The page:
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Feb 02, 20043 mins
Access ControlEnterprise Applications

* RDBMS vs. LDAP: Which is better for storing identity and provisioning data?

Last issue I talked about Thor Technologies, its new round of funding and its “best of breed” solutions. But what the Thor folks really wanted to talk about was the use of SQL-based relational databases for storage of identity and provisioning information.

Of course, once I got into conversation with Thor Product Architect Nishant Kaushik, Vice President of Business Development John Aisien, and Product Manager Ranjeet Vidwans we soon discovered that until we defined our terms, we were simply going to speak at cross purposes.

We all agreed that corporate and/or enterprise-wide identity data belonged in a directory. That might be a single directory service (such as Sun’s or Novell’s), or a meta-directory (as offered by many different entities). Provided the data physically resided someplace, it could even be a virtual directory – a series of pointers to the actual data.

What the Thorians were interested in was where the provisioning data, the rules and roles for example, was stored. They felt – as did their customers, they claimed – that the robust nature of a standard relational database management system (RDBMS) was required. Well, of course that’s what Thor’s customers feel. Either they came to Thor because they required an RDBMS or, having come to Thor, they were convinced by the slick-talking marketing guys that an RDBMS was de rigueur.

An RDBMS does offer some advantages over a typical LDAP-enabled directory datastore (LDDS). But it also has a few disadvantages. While the RDBMS is relatively quicker for write operations, it’s generally slower for reads. The RDBMS will typically offer multiple indices with a lower overhead than the LDDS (if the LDDS even offers a way to construct a second index or more). Most LDDS though, are able to be partitioned and replicated thus making them pervasive and ubiquitous – they are always available and available from anywhere. While a replicated (and even partitioned) RDBMS is possible, it’s far from the typical installation, while with the LDDS these things are highly recommended, if not a requirement.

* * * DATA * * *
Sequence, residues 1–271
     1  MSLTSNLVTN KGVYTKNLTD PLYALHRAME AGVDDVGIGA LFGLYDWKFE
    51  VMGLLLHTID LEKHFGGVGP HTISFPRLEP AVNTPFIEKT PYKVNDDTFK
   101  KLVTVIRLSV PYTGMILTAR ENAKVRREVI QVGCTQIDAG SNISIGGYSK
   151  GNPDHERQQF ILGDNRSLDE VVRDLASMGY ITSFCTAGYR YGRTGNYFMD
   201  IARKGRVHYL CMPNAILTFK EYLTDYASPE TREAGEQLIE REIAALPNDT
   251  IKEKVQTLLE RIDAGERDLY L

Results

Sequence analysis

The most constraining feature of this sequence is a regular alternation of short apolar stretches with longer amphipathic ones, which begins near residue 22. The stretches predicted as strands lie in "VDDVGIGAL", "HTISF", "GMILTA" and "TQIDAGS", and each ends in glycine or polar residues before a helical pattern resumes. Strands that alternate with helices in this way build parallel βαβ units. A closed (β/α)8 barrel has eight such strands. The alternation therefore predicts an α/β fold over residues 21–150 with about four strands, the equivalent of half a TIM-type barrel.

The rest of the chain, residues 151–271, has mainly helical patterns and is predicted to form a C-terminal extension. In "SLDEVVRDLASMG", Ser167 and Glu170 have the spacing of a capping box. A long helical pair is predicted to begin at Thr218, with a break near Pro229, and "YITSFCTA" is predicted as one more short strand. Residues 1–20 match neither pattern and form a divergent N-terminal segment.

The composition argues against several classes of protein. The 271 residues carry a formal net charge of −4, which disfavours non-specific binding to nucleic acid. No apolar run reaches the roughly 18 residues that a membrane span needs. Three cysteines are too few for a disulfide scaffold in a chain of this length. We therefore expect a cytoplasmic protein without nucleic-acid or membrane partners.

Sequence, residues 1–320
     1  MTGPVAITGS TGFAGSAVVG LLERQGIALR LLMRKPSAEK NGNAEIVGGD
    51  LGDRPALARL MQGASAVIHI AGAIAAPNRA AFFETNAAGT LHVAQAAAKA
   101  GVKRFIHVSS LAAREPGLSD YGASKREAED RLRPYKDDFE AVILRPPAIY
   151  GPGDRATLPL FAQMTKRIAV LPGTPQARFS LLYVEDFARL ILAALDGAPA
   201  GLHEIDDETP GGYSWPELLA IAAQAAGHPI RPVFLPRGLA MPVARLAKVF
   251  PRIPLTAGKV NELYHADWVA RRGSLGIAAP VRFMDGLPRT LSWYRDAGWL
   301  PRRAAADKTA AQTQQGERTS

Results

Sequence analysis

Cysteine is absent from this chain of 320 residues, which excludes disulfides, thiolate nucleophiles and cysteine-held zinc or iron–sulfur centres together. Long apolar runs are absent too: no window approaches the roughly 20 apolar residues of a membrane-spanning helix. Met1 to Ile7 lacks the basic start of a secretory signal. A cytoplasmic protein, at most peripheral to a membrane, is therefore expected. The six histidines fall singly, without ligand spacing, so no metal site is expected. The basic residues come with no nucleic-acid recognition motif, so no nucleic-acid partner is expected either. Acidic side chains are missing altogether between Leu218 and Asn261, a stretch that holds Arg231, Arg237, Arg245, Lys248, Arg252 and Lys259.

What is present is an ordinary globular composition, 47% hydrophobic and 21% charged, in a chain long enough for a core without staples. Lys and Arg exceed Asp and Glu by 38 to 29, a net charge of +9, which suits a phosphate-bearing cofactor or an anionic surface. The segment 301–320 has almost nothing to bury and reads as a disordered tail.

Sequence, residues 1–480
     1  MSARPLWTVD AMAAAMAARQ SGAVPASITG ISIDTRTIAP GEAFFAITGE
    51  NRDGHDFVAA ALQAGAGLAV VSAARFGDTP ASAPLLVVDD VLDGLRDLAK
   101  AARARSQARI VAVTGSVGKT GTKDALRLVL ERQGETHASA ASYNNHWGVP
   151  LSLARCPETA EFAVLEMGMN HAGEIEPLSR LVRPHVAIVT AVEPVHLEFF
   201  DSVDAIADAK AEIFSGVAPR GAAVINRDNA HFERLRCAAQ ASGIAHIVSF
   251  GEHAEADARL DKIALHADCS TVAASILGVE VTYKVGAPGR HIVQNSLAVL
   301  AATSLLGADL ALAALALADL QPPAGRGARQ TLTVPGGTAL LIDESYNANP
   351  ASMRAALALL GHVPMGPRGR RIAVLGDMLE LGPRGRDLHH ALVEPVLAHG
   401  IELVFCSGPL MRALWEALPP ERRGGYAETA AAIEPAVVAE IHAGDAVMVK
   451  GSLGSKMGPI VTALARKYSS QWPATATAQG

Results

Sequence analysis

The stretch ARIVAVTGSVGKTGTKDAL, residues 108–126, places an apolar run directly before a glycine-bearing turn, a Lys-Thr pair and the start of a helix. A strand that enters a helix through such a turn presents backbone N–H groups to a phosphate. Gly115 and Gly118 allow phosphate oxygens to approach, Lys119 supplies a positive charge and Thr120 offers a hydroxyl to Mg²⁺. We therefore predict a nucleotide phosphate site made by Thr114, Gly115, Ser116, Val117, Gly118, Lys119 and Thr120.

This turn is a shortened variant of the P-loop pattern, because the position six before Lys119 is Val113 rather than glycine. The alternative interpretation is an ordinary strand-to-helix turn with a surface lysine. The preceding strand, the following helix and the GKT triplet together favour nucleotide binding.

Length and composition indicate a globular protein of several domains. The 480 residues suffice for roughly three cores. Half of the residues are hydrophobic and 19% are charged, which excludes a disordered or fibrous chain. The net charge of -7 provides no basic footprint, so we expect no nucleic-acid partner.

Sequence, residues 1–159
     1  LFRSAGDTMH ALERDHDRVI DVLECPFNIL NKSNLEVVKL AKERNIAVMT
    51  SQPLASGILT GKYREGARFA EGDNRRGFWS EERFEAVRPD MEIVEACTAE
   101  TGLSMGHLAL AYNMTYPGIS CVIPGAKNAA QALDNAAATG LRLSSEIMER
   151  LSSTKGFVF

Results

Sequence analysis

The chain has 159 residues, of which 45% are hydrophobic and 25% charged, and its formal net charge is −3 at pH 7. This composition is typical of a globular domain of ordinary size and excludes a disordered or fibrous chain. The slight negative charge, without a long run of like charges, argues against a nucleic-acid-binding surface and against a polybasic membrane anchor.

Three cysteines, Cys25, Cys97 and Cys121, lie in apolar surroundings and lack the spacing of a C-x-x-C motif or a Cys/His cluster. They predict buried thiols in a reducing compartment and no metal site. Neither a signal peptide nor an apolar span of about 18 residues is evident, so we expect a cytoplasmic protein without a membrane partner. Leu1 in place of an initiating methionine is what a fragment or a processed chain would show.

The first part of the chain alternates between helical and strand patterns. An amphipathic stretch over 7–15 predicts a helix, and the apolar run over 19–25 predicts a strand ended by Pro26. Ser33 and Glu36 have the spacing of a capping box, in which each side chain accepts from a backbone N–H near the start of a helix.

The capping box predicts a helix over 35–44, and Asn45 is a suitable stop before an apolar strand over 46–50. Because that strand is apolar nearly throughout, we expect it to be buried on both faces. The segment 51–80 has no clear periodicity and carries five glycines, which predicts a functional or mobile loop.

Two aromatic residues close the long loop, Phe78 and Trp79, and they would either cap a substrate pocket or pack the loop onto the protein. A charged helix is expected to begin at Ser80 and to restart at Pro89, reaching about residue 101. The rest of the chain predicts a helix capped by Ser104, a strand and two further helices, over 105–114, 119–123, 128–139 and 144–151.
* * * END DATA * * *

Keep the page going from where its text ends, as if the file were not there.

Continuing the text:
Accuracy and timeliness are provided in different ways by the two systems. Generally, the LDDS is a “loosely-coupled” system – updates and replications are not instantaneous to all instances. With an RDBMS, most changes are done with a transaction – either the entire transaction succeeds, or the entire transaction fails. The LDDS could also be layered with a transaction tracking system, but it typically is not. Replications are done on a set schedule and are done on a one-to-one basis so that different instances of the datastore may not contain 100% of the same information at any given point in time.

Auditing is often handled through the transaction logs with the RDBMS but is usually an interrupt-driven “event notification” system for the LDDS. In either case, though, it’s usually something outside of the system that monitors the auditing.

Neither system is “right,” neither is “wrong.” As the carnival huckster puts it, you pays your money and you takes your choice. You decide which benefits are necessary for your project and then choose the system that provides the greatest number of those benefits. Some will like Thor’s Xcellerate package because of the RDBMS requirement and some won’t. But rather than get bogged down in data storage details, save your energy for the bigger fight – the office politics. We’ll revisit that subject in the next issue.